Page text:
Given the growing danger of being left behind and commoditized by advancing technology, we asked ten senior leaders in Construction, Agriculture and Mining Equipment how their strategies are adapting. Titles of those we interviewed include President and CEO, General Manager, President of Agricultural Solutions, Chief Information Officer, Chief Digital Officer, and Digital Transformation Officer.
Recently, I outlined the current talent crisis in the chemical industry, in which pipeline and succession challenges have hit just as the industry undergoes its most dramatic set of changes in a generation. There is no single path out of this dilemma, but the first step is to parse the ways in which the industry has become more complex.
The prevailing narrative around the Industrial Revolution in its first, second and third iterations is only partly true.
Steam power, electricity and modern computing were in fact breakthrough technologies that rapidly came to the fore, disrupting established industries and creating new ones.
Amoco, Anheuser-Busch, Chrysler, Motorola, Wrigley. Great Midwestern companies that failed to adapt to global competition and ended up being acquired. Many others have suffered the same fate or declared bankruptcy, and now the ongoing disruption from globalization and technological change is putting our legacy companies under further pressure.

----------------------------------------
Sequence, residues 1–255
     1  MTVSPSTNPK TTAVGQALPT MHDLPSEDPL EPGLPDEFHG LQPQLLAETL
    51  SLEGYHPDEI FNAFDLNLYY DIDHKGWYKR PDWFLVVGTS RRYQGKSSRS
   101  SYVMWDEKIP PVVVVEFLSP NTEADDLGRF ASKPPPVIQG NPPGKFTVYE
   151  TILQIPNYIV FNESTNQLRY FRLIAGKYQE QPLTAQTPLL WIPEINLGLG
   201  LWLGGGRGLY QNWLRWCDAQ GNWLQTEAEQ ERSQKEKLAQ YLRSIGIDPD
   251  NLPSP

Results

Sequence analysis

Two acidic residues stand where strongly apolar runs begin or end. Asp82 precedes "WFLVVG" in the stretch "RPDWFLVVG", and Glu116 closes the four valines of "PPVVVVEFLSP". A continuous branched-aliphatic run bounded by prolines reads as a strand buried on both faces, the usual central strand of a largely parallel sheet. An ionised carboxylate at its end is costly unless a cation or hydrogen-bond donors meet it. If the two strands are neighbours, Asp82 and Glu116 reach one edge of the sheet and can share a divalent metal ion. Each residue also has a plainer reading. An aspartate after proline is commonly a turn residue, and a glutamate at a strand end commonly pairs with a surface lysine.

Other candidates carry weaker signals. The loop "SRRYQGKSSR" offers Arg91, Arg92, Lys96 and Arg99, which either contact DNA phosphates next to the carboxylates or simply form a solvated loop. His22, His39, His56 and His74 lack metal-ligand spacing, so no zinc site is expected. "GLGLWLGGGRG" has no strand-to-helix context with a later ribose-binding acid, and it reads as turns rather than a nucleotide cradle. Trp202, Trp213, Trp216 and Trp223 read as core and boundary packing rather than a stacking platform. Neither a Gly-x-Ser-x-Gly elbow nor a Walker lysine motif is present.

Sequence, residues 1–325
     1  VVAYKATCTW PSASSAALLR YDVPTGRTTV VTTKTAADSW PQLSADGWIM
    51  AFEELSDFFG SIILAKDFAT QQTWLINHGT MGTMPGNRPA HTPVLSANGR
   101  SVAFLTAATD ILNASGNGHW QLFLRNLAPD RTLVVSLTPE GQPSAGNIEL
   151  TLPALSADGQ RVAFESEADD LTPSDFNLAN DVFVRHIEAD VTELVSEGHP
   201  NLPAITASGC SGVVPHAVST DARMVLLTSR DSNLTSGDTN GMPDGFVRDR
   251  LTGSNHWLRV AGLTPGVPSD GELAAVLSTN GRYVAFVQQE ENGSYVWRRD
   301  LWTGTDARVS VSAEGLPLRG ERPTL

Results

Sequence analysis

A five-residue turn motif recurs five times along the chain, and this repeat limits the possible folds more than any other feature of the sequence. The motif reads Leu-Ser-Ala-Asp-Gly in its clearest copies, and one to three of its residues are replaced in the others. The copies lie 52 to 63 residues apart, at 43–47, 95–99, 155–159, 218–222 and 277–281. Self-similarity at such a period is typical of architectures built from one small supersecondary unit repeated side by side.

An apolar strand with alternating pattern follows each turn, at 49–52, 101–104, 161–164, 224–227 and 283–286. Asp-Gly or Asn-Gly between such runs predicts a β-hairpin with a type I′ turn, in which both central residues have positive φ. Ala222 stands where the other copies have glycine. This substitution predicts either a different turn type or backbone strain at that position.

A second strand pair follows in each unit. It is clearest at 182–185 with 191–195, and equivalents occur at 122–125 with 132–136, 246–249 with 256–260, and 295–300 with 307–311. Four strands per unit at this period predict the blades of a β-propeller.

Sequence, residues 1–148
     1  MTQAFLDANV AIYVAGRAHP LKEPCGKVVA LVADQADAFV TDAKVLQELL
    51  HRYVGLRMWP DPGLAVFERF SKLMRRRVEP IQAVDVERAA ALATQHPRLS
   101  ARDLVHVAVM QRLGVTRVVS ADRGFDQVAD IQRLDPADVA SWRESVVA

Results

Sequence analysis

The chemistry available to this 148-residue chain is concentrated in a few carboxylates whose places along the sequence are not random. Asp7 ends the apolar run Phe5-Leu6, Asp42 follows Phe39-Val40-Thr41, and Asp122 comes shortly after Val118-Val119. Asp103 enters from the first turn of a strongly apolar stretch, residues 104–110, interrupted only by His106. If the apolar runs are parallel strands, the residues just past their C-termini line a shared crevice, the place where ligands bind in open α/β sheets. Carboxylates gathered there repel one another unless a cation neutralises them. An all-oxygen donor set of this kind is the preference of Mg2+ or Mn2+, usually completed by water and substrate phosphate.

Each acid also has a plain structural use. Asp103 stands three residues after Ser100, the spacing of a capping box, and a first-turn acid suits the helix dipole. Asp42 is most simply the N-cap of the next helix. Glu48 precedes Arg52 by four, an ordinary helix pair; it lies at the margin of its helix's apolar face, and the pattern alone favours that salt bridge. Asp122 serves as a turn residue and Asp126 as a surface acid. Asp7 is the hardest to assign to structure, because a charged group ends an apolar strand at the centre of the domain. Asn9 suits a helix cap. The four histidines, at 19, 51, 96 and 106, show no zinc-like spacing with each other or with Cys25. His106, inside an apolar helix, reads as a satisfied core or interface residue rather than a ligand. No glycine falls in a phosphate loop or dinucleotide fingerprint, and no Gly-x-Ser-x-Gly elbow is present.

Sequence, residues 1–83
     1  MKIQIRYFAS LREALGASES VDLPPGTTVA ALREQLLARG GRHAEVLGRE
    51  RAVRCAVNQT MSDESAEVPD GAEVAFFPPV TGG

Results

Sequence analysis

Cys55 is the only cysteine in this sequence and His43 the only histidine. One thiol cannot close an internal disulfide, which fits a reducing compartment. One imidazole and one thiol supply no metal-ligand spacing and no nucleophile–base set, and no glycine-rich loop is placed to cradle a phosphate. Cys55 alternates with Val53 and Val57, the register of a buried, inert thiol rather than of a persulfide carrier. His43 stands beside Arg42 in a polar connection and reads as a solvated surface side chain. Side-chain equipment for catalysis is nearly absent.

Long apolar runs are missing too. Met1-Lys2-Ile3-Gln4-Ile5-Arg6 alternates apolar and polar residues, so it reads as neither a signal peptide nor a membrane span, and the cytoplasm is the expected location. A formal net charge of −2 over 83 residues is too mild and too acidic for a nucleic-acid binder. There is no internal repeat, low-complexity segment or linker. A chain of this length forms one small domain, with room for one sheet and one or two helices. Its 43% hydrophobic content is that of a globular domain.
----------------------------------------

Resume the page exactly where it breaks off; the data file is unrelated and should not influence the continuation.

The stakes have never been higher for energy companies, and experts say the dearth of executive talent in the sector is seriously upping the ante.
On the heels of one high-profile CEO resignation — Randy Limbacher at Houston-based Rosetta Resources Inc. (Nasdaq: ROSE) — and the unexpected departure of David Roberts, the heir apparent at Marathon Oil Corp. (NYSE: MRO) in Houston, about a half dozen North American oil and gas companies are looking for a chief executive.
A wave of shareholder rebellions and executive retirements that’s left at least six North American oil and gas companies searching for chief executive officers is leading toward a bidding war for the industry’s best leaders.
Every chief executive and board member in the chemical industry is facing the same chronic talent shortage, unable to find enough rising stars at the director and VP level to fill the succession plans for soon-to-retire GMs, country managers and CEOs.
Given the performance pressures public company boards are under these days, I’m not surprised when nominating committees make prior public company board experience a requirement for director candidates.
The auto industry, like so many others, is in the midst of both turbulent upheaval and awe-inspiring innovation. The promise of driving in the very-near future is filled with the excitement of affordable high-performance electric vehicles
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